Paying attention to gendered experiences of girls and LGB/TGNC children is especially important because skipping school, running away, disobeying authority, or violating curfew (behaviors also known as status offenses, which are only illegal for children under the age of 18) can set off a range of harsh consequences, beginning with an arrest and ending with probation, detention stays, or even time in a juvenile correctional facility. Although girls typically comprise just 25 percent of the overall juvenile justice system, 40 percent of children who are taken to court for status offenses—and 55 percent of children who are taken to court specifically for running away—are girls. In 2013, status offenses and technical violations of probation accounted for a combined 37 percent of girls’ total detentions nationwide—compared to 25 percent of boys’ detentions.[]Analysis of OJJDP data at “Easy Access to Juvenile Court Statistics: 1985-2014” (2017). .

Understanding gender

Group Created with Sketch. Learn More

Using one-size-fits-all punitive responses that do not account for gender in addressing minor misconduct does nothing to confront what drives girls to engage in these behaviors in the first place. For example, girls who run away from home may be experiencing sexual abuse or conflicts with their families over their sexual orientation, while girls who skip school might be the primary caregiver for a family member or may be experiencing harassment on school grounds. When adults either ignore or do not recognize the social context in which these behaviors occur—and push girls into the justice system rather than toward community supports—they reinforce the underlying convergence of sexism that drives the treatment of girls more generally: namely, that they should be compliant and “ladylike” even in the face of conditions—such as sexual abuse or discrimination in school—that warrant active resistance. Overlaying this is the issue of race. The criminalization of girls’ responses to the adversity, violence, and trauma in their lives is disparately borne by girls of color, for whom sexism is further magnified by racism and classism. (See “How race and gender converge to shape system responses to status offenses.”)

Successfully reforming how systems can respond to status offenses without relying on law enforcement and the courts requires placing gender at the center of this work.

An awareness of gender can help explain how and why girls behave in different ways and what, if any, misperceptions of girls’ behavior—rooted in race and/or gender biases—may exist among system actors or within girls’ families. It also empowers stakeholders to analyze how policies and practices may be negatively or differently impacting girls and to address disparities that are missed when systems assessment and reform do not include a targeted gender lens.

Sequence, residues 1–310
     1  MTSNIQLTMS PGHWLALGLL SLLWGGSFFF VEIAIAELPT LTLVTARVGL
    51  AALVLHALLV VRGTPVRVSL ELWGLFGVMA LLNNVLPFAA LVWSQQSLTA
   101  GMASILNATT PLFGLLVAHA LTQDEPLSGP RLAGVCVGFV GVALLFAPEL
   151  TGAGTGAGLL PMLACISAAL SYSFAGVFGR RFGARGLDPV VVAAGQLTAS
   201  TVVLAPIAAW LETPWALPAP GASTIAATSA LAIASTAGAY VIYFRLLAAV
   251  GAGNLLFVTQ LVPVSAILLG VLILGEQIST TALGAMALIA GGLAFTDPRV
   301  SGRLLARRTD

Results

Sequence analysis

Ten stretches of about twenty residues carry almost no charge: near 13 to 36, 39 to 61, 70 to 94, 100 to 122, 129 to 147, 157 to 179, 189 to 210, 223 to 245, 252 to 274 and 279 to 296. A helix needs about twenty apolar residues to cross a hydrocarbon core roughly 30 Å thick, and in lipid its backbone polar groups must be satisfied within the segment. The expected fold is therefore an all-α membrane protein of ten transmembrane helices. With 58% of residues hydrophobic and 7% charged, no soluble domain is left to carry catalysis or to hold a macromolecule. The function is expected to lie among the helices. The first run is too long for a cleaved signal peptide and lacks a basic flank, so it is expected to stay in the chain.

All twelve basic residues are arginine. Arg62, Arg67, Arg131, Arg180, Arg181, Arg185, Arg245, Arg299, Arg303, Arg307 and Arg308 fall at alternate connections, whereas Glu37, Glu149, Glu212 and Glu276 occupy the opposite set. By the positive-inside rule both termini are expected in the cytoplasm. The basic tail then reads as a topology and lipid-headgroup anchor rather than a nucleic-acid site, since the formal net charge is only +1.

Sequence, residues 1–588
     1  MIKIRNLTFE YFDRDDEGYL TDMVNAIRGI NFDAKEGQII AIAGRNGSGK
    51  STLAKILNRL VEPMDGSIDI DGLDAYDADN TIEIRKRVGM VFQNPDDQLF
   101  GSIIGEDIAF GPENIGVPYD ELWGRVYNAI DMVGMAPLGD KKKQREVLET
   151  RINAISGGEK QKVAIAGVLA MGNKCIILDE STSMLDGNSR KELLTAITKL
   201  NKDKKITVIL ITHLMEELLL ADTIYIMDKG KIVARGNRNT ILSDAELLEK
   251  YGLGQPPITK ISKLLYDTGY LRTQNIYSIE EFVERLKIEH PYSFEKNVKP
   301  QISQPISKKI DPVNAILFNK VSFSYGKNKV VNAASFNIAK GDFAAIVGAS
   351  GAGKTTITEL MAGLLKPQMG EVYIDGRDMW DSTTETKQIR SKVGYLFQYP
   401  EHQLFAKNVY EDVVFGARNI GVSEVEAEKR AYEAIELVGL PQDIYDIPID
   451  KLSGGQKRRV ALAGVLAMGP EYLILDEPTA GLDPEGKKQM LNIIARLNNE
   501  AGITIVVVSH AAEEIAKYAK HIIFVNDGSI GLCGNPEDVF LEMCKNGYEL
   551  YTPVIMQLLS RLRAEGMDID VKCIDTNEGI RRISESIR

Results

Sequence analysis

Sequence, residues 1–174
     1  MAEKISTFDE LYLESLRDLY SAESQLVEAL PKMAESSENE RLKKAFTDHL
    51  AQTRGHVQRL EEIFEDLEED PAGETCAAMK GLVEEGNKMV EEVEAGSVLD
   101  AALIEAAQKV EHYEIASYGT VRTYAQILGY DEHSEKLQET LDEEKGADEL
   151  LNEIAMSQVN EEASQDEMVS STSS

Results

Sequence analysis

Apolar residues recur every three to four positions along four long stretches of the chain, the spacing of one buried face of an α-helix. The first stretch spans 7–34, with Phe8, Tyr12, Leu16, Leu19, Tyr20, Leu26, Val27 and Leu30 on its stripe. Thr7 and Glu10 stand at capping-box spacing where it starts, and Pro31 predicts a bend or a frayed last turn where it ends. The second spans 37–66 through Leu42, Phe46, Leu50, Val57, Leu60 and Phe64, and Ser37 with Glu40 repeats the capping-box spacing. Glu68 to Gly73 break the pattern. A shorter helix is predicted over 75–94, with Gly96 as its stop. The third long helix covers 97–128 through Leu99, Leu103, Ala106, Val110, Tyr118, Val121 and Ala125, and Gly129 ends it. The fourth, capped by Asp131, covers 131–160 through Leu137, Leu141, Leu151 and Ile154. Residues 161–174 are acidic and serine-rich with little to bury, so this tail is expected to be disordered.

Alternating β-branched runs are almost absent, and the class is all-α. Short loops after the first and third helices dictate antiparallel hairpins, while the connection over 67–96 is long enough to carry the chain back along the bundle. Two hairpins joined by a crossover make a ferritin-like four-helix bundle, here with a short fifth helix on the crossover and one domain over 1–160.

This guide, which supplements Vera’s Toolkit for Status Offense System Reform, aims to help system leaders and staff do just that.[]Alessandra Meyer, Vidhya Ananthakrishnan, Annie Salsich, and Sydney McKinney, A Toolkit for Status Offense System Reform (New York: Vera Institute of Justice, 2013), https://perma.cc/SD3T-FL75. Chapter 1 begins with a brief history of how gender has shaped the development of the juvenile justice system. Chapter 2 provides an overview of previous national status offense reform efforts for girls. Chapter 3 offers guidance and action steps to approach gender into your reform process, including:

  • types of data to look at in this process;
  • questions to ask when assessing and designing new policies, practices, and programs;
  • key insights into some of the root causes that often underlie status offense behaviors in girls, including their personal relationships and experiences of violence and trauma; and
  • promising resources to consider in implementation.

Chapter 4 concludes by suggesting areas for cross-system collaboration and partnership that can produce powerful results for girls. Ultimately, the goal of this guide is to ensure that girls’ needs are no longer overlooked, and that all systems treat them fairly, knowledgeably, and with respect as communities work to end reliance on law enforcement and confinement for status offenses and other minor misconduct.

Race and Gender

Group Created with Sketch. Learn More